Catholic and Unaffiliated Latinos Support Obama; Evangelicals Divided
Three-quarters of Latino Catholics and eight-in-ten religiously unaffiliated Latinos support President Barack Obama’s re-election, while just 50% of Latino evangelical Protestants prefer Obama and 39% support Mitt Romney.
The Catholic “Swing” Vote
Catholics are often identified as a major “swing” voting group in American politics. A new analysis shows that the only group of Catholics that has been divided in recent elections is white Catholics who identify as political moderates
Preaching Politics From the Pulpit
During every election cycle, many churches and other religious groups find themselves wondering what role, if any, they can play in the political process. “Preaching Politics From the Pulpit” explains the IRS limits on political activity by nonprofit, tax-exempt organizations. An accompanying graphic shows that Americans continue to be wary of church involvement in partisan politics.
The World’s Muslims: Unity and Diversity
A new survey of Muslims conducted in 39 countries sheds new light on beliefs and practices across the globe.
Catholics Share Bishops’ Concerns about Religious Liberty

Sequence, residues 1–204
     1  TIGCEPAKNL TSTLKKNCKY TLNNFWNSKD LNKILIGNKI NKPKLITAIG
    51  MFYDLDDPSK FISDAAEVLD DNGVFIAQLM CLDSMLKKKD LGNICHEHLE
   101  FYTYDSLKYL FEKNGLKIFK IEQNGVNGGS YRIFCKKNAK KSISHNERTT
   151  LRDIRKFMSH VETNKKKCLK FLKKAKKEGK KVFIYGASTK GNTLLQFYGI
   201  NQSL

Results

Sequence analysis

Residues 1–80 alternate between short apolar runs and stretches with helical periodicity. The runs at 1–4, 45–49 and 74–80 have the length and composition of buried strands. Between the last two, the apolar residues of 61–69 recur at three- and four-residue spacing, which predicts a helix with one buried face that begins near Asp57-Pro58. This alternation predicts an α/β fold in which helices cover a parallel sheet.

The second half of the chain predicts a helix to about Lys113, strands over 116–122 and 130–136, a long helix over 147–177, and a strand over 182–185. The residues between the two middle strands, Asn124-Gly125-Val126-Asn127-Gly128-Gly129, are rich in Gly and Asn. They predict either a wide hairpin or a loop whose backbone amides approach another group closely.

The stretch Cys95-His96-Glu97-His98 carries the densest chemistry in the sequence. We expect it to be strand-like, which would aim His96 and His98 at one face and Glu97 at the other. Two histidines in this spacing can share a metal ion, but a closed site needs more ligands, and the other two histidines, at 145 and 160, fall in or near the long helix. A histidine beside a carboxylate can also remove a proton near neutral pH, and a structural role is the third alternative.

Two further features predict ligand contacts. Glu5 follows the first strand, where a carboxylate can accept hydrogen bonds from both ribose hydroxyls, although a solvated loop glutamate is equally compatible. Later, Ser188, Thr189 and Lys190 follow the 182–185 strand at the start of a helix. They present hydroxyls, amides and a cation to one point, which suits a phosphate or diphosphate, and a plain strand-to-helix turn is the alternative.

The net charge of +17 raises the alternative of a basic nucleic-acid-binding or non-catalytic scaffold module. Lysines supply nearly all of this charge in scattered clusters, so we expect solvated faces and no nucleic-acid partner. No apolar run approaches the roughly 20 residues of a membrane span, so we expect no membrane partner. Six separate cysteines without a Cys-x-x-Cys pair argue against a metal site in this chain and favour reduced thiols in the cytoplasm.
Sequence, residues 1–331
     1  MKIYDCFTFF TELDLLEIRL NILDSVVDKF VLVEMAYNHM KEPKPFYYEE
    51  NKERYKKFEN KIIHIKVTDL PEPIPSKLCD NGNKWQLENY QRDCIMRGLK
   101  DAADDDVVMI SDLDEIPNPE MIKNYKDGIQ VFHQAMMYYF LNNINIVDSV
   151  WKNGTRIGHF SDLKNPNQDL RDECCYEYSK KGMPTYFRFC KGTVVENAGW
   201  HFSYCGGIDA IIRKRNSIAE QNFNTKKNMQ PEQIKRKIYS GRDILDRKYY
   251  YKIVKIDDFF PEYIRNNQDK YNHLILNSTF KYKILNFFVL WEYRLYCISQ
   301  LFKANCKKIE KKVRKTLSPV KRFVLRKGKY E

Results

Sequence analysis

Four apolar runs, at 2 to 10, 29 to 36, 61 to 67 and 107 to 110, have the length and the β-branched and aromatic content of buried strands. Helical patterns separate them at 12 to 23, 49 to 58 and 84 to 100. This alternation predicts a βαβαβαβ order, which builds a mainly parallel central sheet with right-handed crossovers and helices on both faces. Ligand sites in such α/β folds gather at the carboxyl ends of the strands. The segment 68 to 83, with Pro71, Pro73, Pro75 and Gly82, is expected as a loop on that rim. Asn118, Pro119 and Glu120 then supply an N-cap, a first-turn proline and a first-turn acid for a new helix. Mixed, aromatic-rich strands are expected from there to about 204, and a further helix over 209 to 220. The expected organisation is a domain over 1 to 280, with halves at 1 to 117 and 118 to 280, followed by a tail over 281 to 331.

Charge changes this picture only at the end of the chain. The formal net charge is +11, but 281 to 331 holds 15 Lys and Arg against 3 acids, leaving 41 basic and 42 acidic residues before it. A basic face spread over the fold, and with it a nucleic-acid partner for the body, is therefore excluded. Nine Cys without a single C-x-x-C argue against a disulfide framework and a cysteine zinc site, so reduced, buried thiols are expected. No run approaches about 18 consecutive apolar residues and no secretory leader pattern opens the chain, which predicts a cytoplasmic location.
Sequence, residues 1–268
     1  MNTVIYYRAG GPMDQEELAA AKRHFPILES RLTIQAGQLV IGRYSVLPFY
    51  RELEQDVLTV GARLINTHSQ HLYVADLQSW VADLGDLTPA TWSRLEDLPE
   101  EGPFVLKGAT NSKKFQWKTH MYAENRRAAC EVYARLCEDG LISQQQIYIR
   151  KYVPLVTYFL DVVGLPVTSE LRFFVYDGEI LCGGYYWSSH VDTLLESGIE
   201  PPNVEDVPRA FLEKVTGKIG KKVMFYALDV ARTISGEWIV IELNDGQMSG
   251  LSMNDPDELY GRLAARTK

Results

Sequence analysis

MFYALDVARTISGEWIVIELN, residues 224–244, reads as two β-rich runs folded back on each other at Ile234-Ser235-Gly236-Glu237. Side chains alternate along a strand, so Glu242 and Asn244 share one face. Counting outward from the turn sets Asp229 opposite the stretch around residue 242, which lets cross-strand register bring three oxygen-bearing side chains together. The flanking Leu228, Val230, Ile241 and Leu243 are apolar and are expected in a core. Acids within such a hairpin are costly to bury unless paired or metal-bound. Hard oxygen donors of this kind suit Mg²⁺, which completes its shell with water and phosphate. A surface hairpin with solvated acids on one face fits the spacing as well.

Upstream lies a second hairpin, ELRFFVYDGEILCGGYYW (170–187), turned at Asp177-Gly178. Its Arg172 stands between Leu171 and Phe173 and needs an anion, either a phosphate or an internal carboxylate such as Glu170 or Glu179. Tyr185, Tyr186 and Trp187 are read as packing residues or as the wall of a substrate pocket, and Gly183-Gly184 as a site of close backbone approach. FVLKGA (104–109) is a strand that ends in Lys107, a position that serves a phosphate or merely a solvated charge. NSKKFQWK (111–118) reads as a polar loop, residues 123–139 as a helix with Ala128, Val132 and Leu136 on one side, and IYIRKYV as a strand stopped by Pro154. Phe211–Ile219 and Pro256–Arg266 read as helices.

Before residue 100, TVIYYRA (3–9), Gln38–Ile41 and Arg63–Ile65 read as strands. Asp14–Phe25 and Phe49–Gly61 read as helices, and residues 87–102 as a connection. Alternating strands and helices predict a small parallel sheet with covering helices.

Catholics who are aware of U.S. bishops’ concerns about restrictions on religious liberty generally agree with the bishops’ concerns, according to a new report. Yet there are no significant differences in presidential vote preferences between Catholic voters who have heard and those who have not heard about the bishops’ protests against government policies they see as restrictive of religious liberty.
Two-Thirds of Democrats Now Support Gay Marriage
Reports that the Democratic Party may add support for gay marriage to its party platform are in keeping with a significant shift of opinion on this issue among Democrats nationwide. A new report finds that support for same-sex marriage among Democrats has jumped from 50% in 2008 to 65% today.
Little Voter Discomfort with Romney’s Mormon Religion
A new Pew Research Center poll finds that voters have limited awareness of Mitt Romney’s Mormon faith and Barack Obama’s religion. And there is little evidence to suggest that concerns about the candidates’ respective faiths will have a meaningful impact in the 2012 fall elections.
Asian Americans and Religion
As their numbers rise, Asian Americans have been largely responsible for the growth of non-Abrahamic faiths in the U.S., particularly Buddhism and Hinduism. At the same time, most Asian Americans belong to the country’s two largest religious groups: Christians and people who say they have no particular religious affiliation.
Global Survey of Evangelical Protestant Leaders
A survey of participants in the Third Lausanne Congress of World Evangelization offers a detailed portrait of the beliefs and practices of this group of global evangelical leaders. It finds, a high degree of consensus on some core theological matters, such as the belief that Christianity is the “one, true faith leading to eternal life,” but it also finds a number of subjects on which evangelical leaders are divided.
Joe Biden’s Religious Biography
Part of a series of profiles of the 2012 presidential candidates and their religious beliefs.